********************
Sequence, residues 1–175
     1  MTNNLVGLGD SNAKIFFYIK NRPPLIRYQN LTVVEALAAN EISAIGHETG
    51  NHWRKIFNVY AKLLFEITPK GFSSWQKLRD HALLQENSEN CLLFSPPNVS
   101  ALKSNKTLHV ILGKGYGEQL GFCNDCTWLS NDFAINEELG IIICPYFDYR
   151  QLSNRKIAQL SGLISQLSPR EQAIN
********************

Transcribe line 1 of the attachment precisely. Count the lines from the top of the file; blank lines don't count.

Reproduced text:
Sequence, residues 1–175